SVR Laboratories Sensifine AR Crème SPF 50+ (£17) has an Ultra-high UV protection and is an excellent redness-reducing soothing sun cream. This is the first anti-redness and anti-relapse skincare range to have a heat-regulating effect. All products in the range instantly calm sensations of overheating and redness while delivering gradual and long-lasting soothing freshness. Available from uk.labo-svr, lookfantastic, feelunique and beautyexpert
In addition, use a kind moisturiser
Gentle, unperfumed serums and moisturisers are best for skin that is sensitive.
Lisa Franklin Clinic Privé Nº2 Serum – Clear + Restore (£65) restores the balance between hydration and sebum production to help reduce inflammation and blemishes. Effective in the treatment of acne and rosacea, key ingredients include copaiba, acai and andiroba along with tamanu oil. These reduce inflammation, heal blemish lesions and have anti-bacterial, anti-parasitic and anti-inflammatory benefits. Available from lisafranklin.
Murad Sensitive Skin Soothing Serum (£52)– formulated with super hydrators that hold up to 1,000x their weight in water to ensure supple, soft skin with reduced sensitivity. Chamomile extract and Arnica calm the skin to reduce dry, tight, inflamed skin. Available from murad.
Crystal Clear Skin Booster Shot – Redness Erase (£49.99) Powered by high doses of stabilised vitamin C, endothelyol and bisabolol, the Redness Erase’s 5 in 1 active is scientifically proven to wipe out redness, inflammation and rosacea caused by heat, cold, acne or excess skin flushing. Apply the serum to your skin beneath your usual moisturiser or make-up, or add to your current moisturiser. Available from crystalclear.
Murad Nutrient-Charged Water Gel (£50) – an intensely hydrating, oil-free water gel that contains revolutionary Hydration-Release Technology that locks moisture into skin for up to 5 days. A blend of peptides, vitamins and minerals strengthen the skin’s barrier. Available from murad.
Make up can help particularly if you are self-conscious about your symptoms, but use foundation and concealers that are designed for sensitive or red skin. These quite often have a green base to counter-effect the redness.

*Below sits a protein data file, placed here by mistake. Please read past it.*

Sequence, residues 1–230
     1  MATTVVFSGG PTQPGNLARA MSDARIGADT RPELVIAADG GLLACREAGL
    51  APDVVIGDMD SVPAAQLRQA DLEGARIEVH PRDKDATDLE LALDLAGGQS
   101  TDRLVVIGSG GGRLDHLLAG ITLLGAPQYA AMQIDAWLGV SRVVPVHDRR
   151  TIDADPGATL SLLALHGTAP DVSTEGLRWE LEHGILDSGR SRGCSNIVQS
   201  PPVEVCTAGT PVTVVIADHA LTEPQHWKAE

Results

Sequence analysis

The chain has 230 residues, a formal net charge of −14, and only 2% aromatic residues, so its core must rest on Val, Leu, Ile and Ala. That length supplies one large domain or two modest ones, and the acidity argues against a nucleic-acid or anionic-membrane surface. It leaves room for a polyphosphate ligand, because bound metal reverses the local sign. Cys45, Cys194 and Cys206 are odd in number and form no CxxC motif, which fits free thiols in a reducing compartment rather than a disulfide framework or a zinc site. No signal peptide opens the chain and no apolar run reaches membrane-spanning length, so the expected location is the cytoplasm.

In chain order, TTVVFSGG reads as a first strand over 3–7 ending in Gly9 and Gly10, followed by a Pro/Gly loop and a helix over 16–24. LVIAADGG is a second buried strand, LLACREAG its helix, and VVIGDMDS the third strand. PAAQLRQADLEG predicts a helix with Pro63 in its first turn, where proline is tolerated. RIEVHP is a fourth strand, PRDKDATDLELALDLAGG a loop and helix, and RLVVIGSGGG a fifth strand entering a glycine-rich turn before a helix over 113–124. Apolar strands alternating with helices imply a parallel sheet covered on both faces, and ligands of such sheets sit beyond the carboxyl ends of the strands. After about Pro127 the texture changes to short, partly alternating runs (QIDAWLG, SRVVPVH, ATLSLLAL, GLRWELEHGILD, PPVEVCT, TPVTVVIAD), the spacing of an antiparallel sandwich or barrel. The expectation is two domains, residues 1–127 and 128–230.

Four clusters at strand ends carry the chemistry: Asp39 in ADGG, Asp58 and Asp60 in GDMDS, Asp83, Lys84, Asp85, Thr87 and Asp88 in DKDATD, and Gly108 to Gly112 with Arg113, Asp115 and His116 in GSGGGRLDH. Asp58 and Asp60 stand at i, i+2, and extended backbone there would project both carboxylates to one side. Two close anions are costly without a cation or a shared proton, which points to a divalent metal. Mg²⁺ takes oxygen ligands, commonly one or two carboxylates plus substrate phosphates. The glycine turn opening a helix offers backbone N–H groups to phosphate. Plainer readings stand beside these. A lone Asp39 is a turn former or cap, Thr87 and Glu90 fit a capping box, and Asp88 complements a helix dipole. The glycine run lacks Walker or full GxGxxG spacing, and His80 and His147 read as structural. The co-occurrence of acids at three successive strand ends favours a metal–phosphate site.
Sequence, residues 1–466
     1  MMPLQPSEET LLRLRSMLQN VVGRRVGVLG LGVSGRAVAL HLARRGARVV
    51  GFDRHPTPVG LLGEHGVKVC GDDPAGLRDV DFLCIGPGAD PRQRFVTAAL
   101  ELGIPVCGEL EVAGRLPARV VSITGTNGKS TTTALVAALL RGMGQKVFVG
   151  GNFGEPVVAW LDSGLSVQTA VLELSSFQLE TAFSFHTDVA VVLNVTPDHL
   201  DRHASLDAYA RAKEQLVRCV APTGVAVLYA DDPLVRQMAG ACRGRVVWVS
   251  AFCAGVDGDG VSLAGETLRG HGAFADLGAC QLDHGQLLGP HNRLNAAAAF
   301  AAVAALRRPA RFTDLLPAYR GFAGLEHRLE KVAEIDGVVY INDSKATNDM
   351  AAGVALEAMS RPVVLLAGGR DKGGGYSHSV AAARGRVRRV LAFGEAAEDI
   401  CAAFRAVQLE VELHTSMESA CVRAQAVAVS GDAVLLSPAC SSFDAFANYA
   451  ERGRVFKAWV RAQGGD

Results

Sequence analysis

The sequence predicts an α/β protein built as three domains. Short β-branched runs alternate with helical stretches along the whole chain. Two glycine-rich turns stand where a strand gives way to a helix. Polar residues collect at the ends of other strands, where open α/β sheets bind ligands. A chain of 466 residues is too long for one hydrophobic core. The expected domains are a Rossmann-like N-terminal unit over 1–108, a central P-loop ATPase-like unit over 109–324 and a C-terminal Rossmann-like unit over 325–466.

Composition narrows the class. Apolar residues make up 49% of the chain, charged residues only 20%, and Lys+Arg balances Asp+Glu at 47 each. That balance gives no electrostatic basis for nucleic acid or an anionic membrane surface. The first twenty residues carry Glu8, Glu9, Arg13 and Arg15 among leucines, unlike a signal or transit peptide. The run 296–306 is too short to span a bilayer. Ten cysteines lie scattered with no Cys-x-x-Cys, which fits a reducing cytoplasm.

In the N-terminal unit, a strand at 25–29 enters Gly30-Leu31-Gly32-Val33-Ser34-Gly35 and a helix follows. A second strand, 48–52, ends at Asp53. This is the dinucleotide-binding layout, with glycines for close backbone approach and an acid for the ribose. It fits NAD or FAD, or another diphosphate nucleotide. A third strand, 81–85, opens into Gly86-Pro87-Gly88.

The Lisa Franklin Pro Effect Luminescent Base (£70) is a must for any rosacea sufferer’s makeup routine. The award-winning mattifying serum contains both rose quartz and rosemary leaf extract to soothe, alongside many other nutrient-rich botanicals that help reduce inflammation and redness with a flawless, matte finish. As well as increasing skin luminosity and reducing the appearance of fine lines and wrinkles, this serum also limits the amount of UV radiation from penetrating the skin, complementing your sunscreen. Available from lisafranklin,
What else can I do?
- Consider the lifestyle factors that can worsen rosacea and avoid them; a written record of your flare-ups may help.
- Some rosacea patients may benefit from the use of skin camouflage to help hide excessive redness. A skin camouflage consultation can be discussed with your GP or dermatologist.
- Unless they are specifically recommended to you by your dermatologist it may be best to avoid some treatments for acne, as they can irritate skin that is prone to rosacea.
- Do not use topical preparations containing corticosteroids, unless specifically recommended by your dermatologist as these may make rosacea worse in the long run.
- If your eyes are affected, do not ignore them – consult your GP, dermatologist or an ophthalmologist.